If you have the chance to dig deeper into these love languages from Dr. Chapman’s book, I think you’ll find the more you understand these ideas, the more you’ll find yourself doing more of the right things as you interact with other people which saves a lot of time and doing the wrong things which costs time to make up for not doing the right thing.  

The Effect of Love Languages on Relationships 

For me, my top two love languages are quality time and physical touch. My wife’s top two are acts of service and gifts. Let me ask you a question. Do you think there might be any friction in how that marriage based on how we show love to one another? How silly would it be if I had known that when she would open the gifts that I would buy her and she would say, “Honey, what gave you the idea that I would like this?” And in my mind I’m thinking, “I don’t know and I’m going to have to go ask my administrative assistant why she bought that for you.” Do you think I ever did any damage to our relationship by having someone else buy my wife’s gifts since that’s not showing love to her. I had never heard of these ideas before. And how about acts of service? I would say things to her like, “Honey, I work hard. I make enough money for you to hire people to clean the house and cook our meals.” Think about what she was hearing: “Just pay someone to show me that you love me.” I would say things like. “Thirty minutes of holding hands is worth more than three hours in the kitchen.”  

I was not a very smart husband, but I can tell you that once I learned these love languages and I learned what hers were, I then could at least attempt to start speaking those. I started buying her gifts. Then she gave me a gift. After two or three years of buying her gifts, she hugged me, and she said, “I have a gift for you.”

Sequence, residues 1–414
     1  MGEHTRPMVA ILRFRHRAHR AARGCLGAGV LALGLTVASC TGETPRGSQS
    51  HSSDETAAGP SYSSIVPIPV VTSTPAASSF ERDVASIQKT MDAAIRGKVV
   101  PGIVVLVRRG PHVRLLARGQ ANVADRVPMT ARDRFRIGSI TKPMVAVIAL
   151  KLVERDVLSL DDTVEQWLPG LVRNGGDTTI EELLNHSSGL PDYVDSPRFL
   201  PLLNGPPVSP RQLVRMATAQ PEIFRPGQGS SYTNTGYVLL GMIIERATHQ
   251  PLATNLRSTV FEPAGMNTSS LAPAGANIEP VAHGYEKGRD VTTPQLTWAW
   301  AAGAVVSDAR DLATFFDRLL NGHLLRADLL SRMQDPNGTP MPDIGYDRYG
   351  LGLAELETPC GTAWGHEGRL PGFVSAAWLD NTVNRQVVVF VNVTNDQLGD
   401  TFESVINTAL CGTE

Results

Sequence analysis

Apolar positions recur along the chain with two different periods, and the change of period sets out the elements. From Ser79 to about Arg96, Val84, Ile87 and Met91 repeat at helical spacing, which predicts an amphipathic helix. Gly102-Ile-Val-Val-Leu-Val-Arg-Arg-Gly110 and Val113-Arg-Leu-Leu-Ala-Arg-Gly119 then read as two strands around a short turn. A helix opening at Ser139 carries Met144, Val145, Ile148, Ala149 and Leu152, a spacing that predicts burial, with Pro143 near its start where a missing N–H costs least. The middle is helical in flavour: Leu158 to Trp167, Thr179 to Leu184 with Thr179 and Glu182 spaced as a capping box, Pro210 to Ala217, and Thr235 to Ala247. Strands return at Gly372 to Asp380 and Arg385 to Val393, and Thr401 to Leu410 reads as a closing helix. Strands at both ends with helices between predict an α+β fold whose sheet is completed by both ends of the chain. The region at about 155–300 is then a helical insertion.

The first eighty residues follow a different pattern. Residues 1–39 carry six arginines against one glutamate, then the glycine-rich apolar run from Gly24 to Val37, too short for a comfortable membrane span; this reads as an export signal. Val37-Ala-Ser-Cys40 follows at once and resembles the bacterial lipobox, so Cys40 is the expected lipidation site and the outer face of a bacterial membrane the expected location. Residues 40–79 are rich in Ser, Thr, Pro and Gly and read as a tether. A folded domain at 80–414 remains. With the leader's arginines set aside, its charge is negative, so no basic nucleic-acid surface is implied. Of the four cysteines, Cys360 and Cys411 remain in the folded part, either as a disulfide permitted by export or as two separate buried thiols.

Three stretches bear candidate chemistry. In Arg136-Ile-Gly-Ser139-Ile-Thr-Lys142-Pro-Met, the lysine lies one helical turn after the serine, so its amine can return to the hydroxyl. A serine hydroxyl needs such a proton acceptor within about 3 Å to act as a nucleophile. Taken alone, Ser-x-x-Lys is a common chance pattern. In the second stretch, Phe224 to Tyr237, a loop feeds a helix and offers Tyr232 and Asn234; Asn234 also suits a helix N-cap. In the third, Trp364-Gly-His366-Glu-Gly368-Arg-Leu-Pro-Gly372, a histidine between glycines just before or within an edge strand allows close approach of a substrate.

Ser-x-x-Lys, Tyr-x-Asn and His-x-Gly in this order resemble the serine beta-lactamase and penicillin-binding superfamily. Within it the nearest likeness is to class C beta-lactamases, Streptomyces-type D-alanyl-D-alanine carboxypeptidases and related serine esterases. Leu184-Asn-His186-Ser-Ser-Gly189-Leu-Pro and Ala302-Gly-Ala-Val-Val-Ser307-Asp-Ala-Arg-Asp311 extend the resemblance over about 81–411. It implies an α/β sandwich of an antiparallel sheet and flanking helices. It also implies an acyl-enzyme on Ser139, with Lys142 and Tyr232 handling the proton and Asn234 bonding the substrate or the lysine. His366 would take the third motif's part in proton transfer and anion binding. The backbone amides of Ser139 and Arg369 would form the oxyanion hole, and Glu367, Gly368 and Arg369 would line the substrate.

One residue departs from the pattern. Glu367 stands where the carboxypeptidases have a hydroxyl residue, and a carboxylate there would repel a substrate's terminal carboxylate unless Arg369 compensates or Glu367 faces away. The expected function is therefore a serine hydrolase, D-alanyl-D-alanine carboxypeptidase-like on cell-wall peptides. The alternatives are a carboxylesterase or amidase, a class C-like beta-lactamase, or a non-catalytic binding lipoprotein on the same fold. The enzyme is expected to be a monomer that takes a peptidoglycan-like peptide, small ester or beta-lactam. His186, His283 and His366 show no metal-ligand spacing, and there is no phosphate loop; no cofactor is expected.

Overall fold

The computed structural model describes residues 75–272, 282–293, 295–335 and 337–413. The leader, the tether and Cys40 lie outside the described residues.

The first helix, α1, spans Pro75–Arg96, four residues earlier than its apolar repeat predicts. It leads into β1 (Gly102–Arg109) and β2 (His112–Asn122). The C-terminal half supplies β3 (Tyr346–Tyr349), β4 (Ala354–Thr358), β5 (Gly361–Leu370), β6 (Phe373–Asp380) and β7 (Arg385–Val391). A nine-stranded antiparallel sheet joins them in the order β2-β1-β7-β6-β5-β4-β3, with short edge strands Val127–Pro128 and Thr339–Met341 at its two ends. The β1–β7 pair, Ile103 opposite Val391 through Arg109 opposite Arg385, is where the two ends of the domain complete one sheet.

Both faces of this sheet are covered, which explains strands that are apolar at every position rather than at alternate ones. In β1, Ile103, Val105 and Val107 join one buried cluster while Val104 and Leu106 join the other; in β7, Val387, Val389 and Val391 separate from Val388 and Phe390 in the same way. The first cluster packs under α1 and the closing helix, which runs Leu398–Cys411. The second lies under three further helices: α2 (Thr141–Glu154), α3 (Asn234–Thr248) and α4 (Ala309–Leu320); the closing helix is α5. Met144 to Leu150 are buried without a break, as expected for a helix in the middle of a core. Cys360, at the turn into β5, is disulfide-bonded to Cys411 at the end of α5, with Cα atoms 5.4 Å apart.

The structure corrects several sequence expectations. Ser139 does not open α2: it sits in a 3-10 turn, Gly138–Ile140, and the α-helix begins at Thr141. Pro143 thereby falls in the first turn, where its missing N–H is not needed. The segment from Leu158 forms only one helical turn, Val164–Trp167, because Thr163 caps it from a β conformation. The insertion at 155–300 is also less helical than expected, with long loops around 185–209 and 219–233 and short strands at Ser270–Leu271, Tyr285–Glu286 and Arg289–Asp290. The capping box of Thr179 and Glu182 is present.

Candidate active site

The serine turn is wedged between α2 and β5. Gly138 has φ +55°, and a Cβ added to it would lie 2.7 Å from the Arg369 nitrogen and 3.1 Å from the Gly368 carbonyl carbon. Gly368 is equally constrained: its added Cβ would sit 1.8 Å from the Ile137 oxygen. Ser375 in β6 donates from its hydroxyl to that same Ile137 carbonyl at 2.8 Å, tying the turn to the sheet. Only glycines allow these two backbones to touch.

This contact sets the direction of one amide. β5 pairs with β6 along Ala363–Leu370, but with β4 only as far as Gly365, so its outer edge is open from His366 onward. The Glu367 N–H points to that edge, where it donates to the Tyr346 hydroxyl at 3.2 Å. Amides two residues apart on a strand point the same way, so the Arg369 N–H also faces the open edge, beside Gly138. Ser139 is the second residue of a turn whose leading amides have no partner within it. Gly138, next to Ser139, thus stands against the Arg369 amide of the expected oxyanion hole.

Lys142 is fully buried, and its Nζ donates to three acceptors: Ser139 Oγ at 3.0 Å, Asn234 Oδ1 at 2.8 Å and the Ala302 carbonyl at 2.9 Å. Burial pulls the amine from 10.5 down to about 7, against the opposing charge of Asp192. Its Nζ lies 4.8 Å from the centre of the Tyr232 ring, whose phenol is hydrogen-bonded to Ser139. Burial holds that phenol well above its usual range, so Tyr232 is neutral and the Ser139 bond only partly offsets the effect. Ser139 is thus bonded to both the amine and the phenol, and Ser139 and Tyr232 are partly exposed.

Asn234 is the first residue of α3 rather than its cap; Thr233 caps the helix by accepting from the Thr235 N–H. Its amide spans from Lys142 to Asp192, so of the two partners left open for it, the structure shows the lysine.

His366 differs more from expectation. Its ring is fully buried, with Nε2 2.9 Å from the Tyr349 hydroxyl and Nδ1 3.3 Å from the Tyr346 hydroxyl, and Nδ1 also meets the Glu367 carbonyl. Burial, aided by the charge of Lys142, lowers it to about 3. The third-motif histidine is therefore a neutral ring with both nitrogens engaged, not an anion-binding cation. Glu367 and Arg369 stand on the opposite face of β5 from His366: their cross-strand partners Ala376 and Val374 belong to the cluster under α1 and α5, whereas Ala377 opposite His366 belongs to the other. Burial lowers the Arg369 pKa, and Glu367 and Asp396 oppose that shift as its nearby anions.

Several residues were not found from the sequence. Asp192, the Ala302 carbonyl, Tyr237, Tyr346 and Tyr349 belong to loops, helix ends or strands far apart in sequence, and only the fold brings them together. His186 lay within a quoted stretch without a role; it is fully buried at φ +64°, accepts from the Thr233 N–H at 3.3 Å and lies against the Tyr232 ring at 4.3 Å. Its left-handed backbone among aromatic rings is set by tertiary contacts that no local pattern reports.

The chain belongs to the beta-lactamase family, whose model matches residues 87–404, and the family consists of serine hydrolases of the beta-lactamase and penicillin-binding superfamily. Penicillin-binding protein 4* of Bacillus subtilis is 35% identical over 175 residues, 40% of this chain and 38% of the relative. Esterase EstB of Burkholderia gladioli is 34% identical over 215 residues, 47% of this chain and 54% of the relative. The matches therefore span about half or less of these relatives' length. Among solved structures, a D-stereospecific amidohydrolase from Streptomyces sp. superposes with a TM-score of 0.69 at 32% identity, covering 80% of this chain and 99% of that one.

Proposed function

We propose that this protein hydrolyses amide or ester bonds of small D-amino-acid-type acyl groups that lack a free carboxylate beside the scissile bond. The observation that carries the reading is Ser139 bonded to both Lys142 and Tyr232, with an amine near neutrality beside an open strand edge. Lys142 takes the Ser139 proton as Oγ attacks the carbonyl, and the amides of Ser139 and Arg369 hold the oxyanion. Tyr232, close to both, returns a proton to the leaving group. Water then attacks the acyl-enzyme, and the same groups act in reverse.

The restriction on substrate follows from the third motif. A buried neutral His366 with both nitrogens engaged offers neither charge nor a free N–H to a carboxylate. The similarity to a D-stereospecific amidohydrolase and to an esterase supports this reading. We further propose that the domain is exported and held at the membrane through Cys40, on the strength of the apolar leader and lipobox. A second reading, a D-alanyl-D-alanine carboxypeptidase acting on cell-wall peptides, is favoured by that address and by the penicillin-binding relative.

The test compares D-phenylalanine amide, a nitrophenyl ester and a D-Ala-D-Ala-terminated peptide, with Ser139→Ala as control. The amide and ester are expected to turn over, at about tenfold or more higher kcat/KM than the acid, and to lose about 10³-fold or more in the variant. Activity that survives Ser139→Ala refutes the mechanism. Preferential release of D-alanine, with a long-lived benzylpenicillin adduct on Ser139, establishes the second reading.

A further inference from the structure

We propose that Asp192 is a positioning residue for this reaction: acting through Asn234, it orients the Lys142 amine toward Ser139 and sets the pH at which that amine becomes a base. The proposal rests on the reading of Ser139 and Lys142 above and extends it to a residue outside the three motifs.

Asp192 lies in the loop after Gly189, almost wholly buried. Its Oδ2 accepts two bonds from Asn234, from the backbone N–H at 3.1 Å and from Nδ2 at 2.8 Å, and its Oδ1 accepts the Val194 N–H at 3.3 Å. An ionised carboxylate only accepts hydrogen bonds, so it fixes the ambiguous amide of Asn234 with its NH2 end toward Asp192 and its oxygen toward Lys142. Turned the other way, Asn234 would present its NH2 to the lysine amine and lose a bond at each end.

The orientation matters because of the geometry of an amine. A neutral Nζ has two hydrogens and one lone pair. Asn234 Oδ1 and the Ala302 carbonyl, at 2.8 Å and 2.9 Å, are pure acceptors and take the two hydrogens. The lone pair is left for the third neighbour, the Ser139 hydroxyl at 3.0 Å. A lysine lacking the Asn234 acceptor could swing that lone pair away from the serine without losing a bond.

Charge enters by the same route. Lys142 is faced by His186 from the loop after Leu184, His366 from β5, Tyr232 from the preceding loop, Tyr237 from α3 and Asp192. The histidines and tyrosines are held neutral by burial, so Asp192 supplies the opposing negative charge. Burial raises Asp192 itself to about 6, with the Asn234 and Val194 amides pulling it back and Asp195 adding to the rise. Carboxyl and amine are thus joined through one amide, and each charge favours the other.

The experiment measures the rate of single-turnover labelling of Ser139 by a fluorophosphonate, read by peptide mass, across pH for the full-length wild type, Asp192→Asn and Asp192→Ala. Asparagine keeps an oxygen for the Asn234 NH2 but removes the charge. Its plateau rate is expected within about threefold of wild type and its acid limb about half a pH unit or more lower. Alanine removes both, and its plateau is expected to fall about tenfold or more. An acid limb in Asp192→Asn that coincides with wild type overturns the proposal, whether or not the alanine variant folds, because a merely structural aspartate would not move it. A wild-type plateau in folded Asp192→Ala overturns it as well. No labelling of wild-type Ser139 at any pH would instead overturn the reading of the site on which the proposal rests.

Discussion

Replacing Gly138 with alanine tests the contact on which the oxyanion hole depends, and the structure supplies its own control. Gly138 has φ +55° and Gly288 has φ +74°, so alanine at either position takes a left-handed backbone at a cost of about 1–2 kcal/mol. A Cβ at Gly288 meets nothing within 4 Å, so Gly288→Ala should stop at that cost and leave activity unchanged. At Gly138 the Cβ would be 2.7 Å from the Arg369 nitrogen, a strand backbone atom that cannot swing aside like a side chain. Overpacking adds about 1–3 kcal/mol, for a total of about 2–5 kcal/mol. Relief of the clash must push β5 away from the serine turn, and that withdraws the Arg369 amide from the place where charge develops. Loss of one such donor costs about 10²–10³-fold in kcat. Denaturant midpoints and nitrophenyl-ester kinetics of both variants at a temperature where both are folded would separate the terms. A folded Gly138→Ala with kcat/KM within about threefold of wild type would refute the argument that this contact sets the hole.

I said, “What’s that?”  

She said, “It takes me longer to take back what you bought me than it does to buy it myself. How about you give me the money. I’ll go buy it. I’ll bring it back. You wrap it. The kids and the family will think you bought it.”  

I said, “Yes! That’s exactly what would work. That’s a good plan for me.” You know what I found since then? It’s not those big gifts that are important. It’s doing those little things that cause her to feel like I love her. Things like walking through an airport and seeing a piece of caramel nut cluster candy because she loves those, having the clerk put it in a little box, taking it home, and saying, “Honey, when I was walking through the airport on the way home, I saw this and it made me think about you.”  It’s not about a big car or diamond earrings. 

What if we could speak the love languages of our children, of our spouse, and what if we could even understand the love languages of those we work closest with. Now the problem with that is we have to be very careful speaking other people’s love languages outside of the home. Here’s why. If we’re not getting our needs met at home in our love languages and we start speaking someone else’s love language who’s also not getting their need met, that could lead to problems. And I’ve already shared with you what kind of serious problems that led to in my marriage. It can lead to an inappropriate relationship.  

As we learn these love languages and how better to interact with those around us, we have to be sure we know how to use this tool and how not to use it.  

Using Love Languages to Become a Transformational Leader 

Think about these two ideas, one, about how different brains think differently, some with brains where everything is connected to everything, what we might call spaghetti brains, and some with brains where everything is separated into boxes, what we might call boxes brains. And, two, about how people show love and care to others, as well as how they feel loved and cared about themselves. 

As we learn more about becoming a transformational leader and then interact with each other with more understanding about these two concepts and tools, we can see how they might affect the closest relationships we have, as well as those relationships we have in the workplace.  

Ford Taylor is a leadership strategist, keynote speaker, and the author of Relactional Leadership. As the Founder of Transformational Leadership, he is known as a man who can solve complex business issues, with straightforward practical solutions, while maintaining his focus on people.